Students: Coronavirus

Department for Education written question – answered on 26th March 2021.

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Photo of Claudia Webbe Claudia Webbe Independent, Leicester East

To ask the Secretary of State for Education, what assessment he has made of the implications for his policies of the November 2020 study by the National Union of Students that found that three in four students were anxious about paying their rent; and what financial support he is providing to students in relation to rents during the covid-19 outbreak.

Photo of Michelle Donelan Michelle Donelan Minister of State (Education)

This has been a very difficult time for students, and we urge universities and private landlords to review their accommodation policies to ensure that they are fair, clear and have the interests of students at heart.

We recognise that in these exceptional circumstances, some students may face financial hardship. The department has worked with the Office for Students to clarify that higher education (HE) providers are able to use existing funds, worth around £256 million for the 2020/21 academic year, towards hardship support. We have also made an additional £70 million of student hardship funding available to HE providers this financial year (2020/21).

HE providers have flexibility in how they distribute the funding to students, in a way that best prioritises those in greatest need. Support might include help for students facing additional costs arising from having to maintain accommodation in more than one location. The funding can be distributed to a wide population of students, including postgraduates (whether taught or research) and international students. We will continue to monitor the situation to look at what impact this funding is having.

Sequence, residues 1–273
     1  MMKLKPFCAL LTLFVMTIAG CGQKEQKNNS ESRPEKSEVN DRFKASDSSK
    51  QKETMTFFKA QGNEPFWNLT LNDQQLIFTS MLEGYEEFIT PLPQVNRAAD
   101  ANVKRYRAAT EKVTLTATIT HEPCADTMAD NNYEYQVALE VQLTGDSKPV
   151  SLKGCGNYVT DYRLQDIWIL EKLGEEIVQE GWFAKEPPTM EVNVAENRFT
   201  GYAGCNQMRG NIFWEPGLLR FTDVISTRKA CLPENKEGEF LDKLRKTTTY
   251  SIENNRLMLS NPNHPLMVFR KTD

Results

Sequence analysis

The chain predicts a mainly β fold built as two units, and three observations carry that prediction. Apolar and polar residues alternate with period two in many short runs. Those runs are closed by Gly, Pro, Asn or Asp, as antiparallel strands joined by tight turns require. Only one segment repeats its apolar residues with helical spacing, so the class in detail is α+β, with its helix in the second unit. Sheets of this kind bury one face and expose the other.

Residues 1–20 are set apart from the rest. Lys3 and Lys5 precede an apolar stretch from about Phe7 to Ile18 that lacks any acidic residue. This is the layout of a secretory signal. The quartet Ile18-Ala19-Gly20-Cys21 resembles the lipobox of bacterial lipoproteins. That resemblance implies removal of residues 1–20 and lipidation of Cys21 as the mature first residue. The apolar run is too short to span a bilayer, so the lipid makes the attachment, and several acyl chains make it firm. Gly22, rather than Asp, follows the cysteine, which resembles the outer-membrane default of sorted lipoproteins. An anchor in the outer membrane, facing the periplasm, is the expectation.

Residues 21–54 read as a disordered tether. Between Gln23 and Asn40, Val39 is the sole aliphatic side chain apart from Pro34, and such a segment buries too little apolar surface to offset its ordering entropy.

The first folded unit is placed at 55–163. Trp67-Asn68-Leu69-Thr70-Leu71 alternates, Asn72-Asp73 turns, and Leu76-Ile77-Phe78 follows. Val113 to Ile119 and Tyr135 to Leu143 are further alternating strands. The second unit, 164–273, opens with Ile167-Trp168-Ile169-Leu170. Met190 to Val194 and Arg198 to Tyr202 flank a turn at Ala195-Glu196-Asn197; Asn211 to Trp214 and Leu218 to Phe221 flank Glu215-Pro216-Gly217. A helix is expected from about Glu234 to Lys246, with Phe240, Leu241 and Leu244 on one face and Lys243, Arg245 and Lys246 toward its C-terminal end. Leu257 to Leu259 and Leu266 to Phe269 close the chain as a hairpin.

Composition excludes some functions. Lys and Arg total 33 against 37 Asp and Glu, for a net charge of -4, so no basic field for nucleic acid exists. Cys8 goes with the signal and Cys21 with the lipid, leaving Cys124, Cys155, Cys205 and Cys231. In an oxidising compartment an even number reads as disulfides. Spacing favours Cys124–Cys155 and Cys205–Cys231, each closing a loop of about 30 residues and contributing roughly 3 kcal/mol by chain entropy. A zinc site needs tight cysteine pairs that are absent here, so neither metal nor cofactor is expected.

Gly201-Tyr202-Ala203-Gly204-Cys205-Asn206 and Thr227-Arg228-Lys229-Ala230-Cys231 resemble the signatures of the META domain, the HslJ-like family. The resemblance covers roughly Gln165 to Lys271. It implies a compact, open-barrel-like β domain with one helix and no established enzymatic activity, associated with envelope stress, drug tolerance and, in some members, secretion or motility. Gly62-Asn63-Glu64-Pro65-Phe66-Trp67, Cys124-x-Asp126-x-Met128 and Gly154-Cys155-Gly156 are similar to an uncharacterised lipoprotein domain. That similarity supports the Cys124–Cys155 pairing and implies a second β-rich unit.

There is further information for tenants and landlords in the context of COVID-19, available at:

The Competition and Markets Authority (CMA) has published guidance on consumer contracts, cancellation and refunds affected by COVID-19: This guidance sets out the CMA’s view on how the law operates to help consumers understand their rights and help businesses treat their customers fairly.

Students may be entitled to refunds from certain accommodation providers. depending on the terms of their contract and their particular circumstances. Organisations such as Citizens Advice offer a free service, providing information and support.

If a student thinks their accommodation provider is treating them unfairly, they can raise a complaint under the accommodation codes of practice as long as the provider is a code member. The codes can be found at:, and

The Office of the Independent Adjudicator (OIA) for Higher Education can consider complaints about student accommodation in England and Wales, but only where an HE provider is involved in the provision of that accommodation. The OIA cannot consider complaints where students may have concerns about accommodation in the private rented sector.

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